I’m with him on this, but there are better and worse ways to do it. The main option floated so far — a voucher system — is not one of the better ones. To see why, let’s first get clear on the key issues facing job training, and then ask how vouchers are supposed to solve them.

Dirty politics

With every day that passes, Peter Penashue’s resignation and the elections violations that led up to the resignation smell worse.

Originally, Penashue said he was resigning to allow the people to pass judgment on his work as a member of Parliament, and, in the process, he blamed all of the rule violations in his campaign on a single campaign worker.

'We can never get electoral reform unless we defeat Stephen Harper': Joyce Murray

In the federal Liberal leadership race, most eyes have so far been on Justin “Heir to Pierre's Throne” Trudeau to wear the Grits' crown into the next election.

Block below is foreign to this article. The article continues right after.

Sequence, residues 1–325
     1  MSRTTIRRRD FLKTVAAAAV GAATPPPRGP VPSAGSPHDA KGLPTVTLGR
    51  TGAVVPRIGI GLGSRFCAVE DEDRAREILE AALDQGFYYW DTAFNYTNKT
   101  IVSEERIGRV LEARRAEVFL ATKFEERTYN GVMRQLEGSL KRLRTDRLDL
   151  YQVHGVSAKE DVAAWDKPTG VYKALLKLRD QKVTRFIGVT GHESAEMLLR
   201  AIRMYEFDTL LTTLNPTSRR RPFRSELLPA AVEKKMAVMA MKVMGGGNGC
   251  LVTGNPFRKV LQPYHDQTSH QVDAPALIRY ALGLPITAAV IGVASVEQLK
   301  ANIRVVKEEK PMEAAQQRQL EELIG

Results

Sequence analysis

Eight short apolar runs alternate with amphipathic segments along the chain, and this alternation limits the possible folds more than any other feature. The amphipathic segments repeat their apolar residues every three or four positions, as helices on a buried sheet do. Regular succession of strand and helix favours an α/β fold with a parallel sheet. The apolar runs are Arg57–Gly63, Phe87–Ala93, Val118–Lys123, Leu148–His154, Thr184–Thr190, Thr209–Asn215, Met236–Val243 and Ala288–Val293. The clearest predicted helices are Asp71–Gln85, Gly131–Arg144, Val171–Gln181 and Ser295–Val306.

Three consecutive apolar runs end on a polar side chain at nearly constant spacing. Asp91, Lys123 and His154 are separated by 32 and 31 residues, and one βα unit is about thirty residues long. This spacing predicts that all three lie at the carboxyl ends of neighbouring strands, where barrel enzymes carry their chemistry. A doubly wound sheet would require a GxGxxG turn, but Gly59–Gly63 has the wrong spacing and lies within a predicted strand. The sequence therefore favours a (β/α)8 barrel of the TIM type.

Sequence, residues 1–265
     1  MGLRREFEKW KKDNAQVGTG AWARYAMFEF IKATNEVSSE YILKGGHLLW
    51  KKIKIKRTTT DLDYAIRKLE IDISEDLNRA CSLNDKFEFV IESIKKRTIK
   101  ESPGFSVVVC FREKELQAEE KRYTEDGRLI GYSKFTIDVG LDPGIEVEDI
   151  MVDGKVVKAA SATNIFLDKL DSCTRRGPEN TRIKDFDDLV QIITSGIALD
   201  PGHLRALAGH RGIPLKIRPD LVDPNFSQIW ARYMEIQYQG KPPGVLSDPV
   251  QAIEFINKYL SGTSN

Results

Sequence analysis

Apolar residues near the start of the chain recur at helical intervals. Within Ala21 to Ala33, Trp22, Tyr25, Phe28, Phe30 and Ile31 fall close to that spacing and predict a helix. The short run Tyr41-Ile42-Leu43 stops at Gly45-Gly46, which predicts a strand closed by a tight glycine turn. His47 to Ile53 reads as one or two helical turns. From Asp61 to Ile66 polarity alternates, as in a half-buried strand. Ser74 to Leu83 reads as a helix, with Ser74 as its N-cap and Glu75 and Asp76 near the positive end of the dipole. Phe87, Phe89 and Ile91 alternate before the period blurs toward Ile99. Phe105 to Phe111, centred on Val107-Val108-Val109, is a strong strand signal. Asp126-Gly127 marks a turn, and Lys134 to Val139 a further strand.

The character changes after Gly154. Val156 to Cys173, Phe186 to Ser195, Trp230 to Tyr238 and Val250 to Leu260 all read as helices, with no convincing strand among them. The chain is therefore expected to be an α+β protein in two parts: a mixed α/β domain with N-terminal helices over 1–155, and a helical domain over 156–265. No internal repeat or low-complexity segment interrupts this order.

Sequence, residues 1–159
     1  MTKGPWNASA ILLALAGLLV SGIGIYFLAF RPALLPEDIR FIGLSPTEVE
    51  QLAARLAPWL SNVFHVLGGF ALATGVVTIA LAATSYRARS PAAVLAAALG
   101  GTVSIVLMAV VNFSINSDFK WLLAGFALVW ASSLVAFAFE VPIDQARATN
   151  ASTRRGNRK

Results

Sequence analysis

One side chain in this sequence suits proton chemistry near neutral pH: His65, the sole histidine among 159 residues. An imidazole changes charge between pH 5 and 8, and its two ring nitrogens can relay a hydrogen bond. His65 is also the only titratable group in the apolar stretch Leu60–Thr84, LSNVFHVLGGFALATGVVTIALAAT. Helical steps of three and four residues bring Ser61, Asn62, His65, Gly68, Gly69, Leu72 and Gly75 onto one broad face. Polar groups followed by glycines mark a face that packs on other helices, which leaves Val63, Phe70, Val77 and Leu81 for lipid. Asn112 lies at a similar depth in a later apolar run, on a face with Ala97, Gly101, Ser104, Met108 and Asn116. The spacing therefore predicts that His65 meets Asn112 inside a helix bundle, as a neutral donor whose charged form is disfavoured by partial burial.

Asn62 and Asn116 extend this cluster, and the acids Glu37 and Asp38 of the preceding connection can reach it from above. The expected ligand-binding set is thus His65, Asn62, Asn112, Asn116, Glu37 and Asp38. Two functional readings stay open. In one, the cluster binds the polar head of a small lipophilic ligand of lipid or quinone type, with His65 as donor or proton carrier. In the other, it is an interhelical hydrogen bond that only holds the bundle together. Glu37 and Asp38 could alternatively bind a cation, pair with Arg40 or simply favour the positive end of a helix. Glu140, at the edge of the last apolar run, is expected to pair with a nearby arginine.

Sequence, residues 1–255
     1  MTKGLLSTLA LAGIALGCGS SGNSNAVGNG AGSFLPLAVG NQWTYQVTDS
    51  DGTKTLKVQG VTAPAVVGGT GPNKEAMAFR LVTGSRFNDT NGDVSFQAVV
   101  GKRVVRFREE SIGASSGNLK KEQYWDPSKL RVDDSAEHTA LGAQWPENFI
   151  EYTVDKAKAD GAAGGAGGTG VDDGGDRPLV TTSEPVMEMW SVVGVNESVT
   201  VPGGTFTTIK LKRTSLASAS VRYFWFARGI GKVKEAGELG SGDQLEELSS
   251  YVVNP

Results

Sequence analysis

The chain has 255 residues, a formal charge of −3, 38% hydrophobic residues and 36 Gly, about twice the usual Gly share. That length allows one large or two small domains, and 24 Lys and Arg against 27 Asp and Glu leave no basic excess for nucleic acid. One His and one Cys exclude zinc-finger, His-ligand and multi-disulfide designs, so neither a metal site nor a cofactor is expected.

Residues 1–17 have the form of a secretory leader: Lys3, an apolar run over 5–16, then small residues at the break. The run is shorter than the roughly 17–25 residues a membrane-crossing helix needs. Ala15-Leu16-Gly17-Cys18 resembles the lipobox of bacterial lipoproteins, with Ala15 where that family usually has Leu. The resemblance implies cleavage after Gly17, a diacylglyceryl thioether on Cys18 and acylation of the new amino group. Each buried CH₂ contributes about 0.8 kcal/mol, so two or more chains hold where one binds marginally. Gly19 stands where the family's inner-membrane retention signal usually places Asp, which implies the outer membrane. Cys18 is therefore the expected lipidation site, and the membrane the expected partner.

It's a crown tarnished from a series of stunning electoral defeats that marked a nadir in the party's history.

But with Marc “Spaceman” Garneau dropping out of the race last week (backing Justin), Trudeau's most prominent rival has emerged as Joyce “Tree-planter” Murray -- a former B.C. environment minister and reforestation company owner who has garnered support from some surprising corners, including and David Suzuki.

Wait times grow as we near the end of the 2004 Health Accord

A new report by the Canadian Institution for Health Information is showing that wait times were dropping for knee and hip surgeries in the years following the 2004 Health Accord.

In the 2004 Health Accord, "governments committed to reducing waits in five priority areas and set benchmarks for radiation therapy, cardiac bypass surgery, hip and knee replacements, hip fracture repair and cataract surgery," says CIHI. But as we near the expiry of the 2004 accord, CIHI's data shows that wait times are growing: "In 2012, 80 per cent of patients received hip replacements within the benchmark wait time, compared with 84 per cent of patients in 2010. The proportion of patients receiving knee surgery within the benchmark also declined during this period, from 79 per cent to 75 per cent."

Ten Years Later, U.S. Has Left Iraq With Mass Displacement & Epidemic of Birth Defects, Cancers